Wednesday, 20 June 2012 10:57
Singapore Inter-Agency Taskforce's official statement in response to the 2012 US State Department's Trafficking in Persons Report
- The Singapore Inter-agency Taskforce on Trafficking in Persons (TIP) notes that Singapore has maintained its Tier 2 position in the US Department of State's TIP Report 2012. While the taskforce notes some inaccuracies and misrepresentations in the report, it is a balanced report.
- In the past year, the Singapore Inter-agency Taskforce on TIP, co-chaired by the Ministry of Home Affairs (MHA) and the Ministry of Manpower (MOM), and consisting of representatives from the Singapore Police Force (SPF), Immigrations & Checkpoints Authority (ICA), Ministry of Community Development, Youth & Sports (MCYS), Ministry of Health (MOH), the Ministry of Foreign Affairs (MFA) and the Attorney-General’s Chambers (AGC), have stepped up efforts to respond proactively to TIP on our shores (see Annex for Taskforce efforts in 2011). The Taskforce recognises Singapore’s allure as a potential destination for human trafficking syndicates, and the need for a robust response involving coordination between government agencies and partnerships with other governments and non-governmental stakeholders.
- Singapore’s response to TIP is based on our 4 Ps strategy (Prevention, Prosecution, Protection and Partnership).
a. Prevention: To reduce the incidence of TIP through early detection and reporting of potential cases and the raising of awareness of TIP amongst key stakeholders not limiting to government officials, employers, workers and the general public.
b. Prosecution: To enhance the effectiveness of investigation and prosecution of TIP cases, and pursue commensurate criminal penalties and deterrent sentencing against perpetrators in serious cases, consistent with local laws.
c. Protection: To enhance the management of victims through proactive identification of victims and the setting up of a protection and care system supportive of victims’ needs.
d. Partnership: To create strong partnerships with foreign governments, businesses, media, academia and civil society so as to maximise resources in combating TIP.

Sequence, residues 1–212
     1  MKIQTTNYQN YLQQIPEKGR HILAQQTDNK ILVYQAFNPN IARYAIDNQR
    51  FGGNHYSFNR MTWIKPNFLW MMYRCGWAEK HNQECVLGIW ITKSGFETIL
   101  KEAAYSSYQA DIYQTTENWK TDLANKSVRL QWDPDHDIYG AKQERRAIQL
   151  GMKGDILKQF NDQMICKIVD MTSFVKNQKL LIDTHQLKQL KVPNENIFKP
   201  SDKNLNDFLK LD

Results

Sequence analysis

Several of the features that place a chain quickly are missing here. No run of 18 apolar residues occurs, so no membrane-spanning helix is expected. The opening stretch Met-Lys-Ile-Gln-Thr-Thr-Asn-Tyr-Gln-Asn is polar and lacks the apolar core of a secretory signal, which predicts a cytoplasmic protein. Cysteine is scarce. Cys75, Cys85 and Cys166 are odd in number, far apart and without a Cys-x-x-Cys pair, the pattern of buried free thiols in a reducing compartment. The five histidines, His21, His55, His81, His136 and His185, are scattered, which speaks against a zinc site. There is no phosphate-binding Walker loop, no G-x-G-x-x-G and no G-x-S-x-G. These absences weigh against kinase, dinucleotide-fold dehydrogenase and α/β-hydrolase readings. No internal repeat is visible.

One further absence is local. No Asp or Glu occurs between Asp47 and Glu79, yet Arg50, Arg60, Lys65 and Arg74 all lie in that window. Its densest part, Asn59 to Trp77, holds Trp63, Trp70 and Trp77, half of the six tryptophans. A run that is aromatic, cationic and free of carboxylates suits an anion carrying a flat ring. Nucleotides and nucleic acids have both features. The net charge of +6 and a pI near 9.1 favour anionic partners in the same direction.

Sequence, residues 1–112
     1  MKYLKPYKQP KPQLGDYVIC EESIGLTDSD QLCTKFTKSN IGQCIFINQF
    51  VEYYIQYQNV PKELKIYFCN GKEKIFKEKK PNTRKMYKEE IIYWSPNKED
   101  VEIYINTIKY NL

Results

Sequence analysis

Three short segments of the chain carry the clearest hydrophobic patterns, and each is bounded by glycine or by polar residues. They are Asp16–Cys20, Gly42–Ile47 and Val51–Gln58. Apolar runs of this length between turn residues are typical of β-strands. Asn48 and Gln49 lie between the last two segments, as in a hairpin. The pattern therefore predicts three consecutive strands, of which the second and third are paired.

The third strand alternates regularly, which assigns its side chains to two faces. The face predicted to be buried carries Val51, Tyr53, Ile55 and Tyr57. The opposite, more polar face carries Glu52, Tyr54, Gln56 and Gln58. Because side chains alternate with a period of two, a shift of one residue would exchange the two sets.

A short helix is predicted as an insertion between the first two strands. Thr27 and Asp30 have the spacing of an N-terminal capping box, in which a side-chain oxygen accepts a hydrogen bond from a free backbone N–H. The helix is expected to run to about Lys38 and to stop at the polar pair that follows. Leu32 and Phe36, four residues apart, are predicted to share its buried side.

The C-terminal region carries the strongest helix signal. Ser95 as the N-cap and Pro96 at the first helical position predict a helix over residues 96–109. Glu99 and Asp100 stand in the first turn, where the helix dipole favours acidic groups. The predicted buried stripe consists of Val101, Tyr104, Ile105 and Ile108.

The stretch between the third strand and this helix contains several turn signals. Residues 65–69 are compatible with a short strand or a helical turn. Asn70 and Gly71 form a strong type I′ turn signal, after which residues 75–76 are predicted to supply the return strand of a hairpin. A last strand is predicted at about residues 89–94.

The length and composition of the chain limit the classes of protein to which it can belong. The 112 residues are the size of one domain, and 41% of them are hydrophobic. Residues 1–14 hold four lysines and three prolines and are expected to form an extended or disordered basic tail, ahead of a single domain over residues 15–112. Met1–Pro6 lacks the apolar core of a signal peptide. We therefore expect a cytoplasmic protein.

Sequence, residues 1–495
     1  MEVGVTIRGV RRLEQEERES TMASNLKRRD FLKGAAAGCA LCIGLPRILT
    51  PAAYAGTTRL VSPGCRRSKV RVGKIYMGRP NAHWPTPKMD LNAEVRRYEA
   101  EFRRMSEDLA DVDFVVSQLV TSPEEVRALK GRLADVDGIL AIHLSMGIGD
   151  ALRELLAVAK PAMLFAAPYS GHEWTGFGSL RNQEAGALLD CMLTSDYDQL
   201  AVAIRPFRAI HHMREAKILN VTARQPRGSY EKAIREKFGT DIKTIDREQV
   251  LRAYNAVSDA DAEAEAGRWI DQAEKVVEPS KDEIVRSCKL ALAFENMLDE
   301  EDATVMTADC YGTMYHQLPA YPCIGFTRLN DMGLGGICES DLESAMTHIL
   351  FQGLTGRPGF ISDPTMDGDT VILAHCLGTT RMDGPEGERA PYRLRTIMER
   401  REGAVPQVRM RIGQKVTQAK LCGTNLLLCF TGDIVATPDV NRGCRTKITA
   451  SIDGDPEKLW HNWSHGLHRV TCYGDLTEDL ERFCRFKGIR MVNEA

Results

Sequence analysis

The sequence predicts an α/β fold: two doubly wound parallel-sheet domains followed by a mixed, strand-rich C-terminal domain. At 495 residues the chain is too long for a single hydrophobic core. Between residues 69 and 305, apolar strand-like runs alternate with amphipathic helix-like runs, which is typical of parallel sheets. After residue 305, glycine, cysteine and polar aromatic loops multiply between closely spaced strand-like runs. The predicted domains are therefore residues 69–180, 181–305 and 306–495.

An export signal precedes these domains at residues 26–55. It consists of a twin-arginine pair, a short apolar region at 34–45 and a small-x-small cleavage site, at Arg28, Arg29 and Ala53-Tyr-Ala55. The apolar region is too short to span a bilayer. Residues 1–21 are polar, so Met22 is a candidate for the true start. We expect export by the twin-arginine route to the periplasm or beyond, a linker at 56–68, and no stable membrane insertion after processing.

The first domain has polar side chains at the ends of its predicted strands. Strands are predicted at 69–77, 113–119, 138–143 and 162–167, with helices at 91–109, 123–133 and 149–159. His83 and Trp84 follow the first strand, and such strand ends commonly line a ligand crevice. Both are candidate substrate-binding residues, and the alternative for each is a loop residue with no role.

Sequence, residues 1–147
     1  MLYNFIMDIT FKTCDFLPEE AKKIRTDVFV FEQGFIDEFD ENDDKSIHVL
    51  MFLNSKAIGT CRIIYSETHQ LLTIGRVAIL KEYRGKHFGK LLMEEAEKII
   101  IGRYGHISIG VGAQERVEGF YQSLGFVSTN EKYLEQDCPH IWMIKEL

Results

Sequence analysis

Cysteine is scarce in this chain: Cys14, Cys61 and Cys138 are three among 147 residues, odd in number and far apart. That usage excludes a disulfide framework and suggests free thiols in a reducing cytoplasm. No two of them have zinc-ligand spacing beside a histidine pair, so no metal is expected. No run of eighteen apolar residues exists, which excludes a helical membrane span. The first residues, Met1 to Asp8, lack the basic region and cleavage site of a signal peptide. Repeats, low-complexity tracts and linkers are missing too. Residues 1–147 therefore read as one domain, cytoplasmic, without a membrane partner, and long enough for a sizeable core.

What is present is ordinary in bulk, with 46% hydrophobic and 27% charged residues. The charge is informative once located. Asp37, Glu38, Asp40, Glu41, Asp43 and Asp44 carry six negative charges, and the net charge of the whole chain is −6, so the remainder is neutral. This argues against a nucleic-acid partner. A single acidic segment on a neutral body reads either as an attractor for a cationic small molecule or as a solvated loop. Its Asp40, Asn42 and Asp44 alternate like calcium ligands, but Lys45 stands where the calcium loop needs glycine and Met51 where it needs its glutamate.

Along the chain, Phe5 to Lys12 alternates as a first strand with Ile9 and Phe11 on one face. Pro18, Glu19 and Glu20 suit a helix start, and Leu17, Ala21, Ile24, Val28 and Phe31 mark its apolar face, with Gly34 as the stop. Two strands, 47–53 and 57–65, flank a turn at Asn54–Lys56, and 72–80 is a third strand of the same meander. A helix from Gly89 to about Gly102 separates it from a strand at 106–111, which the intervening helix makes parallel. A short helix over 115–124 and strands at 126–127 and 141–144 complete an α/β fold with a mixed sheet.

- In 2011, the Taskforce started work on a National Plan of Action (NPA) based on these 4 Ps, which would serve as our holistic strategy to respond to TIP threats. The NPA was crafted after intensive consultation with stakeholders, and launched on 21 March this year by Mr Tan Chuan-Jin, Minister of State for National Development and Manpower (his speech can be found at here). The NPA contains 31 initiatives and is a roadmap for concerted action from 2012 to 2015. It will strengthen current policies and systems, as well as develop new ones to address current gaps.
- The Taskforce’s current focus is to implement the deliverables set out in the NPA, including reviewing the adequacy of existing legislation in tackling TIP crimes. One immediate task is to build victim identification capabilities in government agencies so that our frontline officers are able to identify potential trafficking victims and that our processes are able to appropriately handle these cases. Another challenge is that the concept of ‘human trafficking’ is not widely understood, or misunderstood, in Singapore. For a case to be classified as sex or labour trafficking, it must involve the act, the means and be clearly for the purpose of exploitation. While certain elements of a case (e.g. incurring high levels of debt) may be indicative of trafficking in persons, it may not be sufficient. We will also continue to work with interested stakeholders to raise public awareness of TIP to businesses and the general public so that more people can play a part in fighting this crime.
- Singapore has shown that it takes a serious view of TIP and its related crimes, first with the setting up of the Inter-agency Taskforce in 2010, and then with the launch of our first NPA in March 2012. We look forward to continued cooperation with NGOs, embassies, academia, the private sector and the general public as we implement our NPA initiatives.
- As a final point, while we welcome the United States' efforts to produce an annual report to highlight this important global issue, we remain of the view that the United States needs to adopt a more objective methodology in future editions of its TIP Report. This will ensure that a consistent, transparent, and measurable framework is applied to all countries and a better understanding of the different legal structures and domestic contexts of countries ranked in the report is taken into account.
Annex - Efforts made by Taskforce in 2011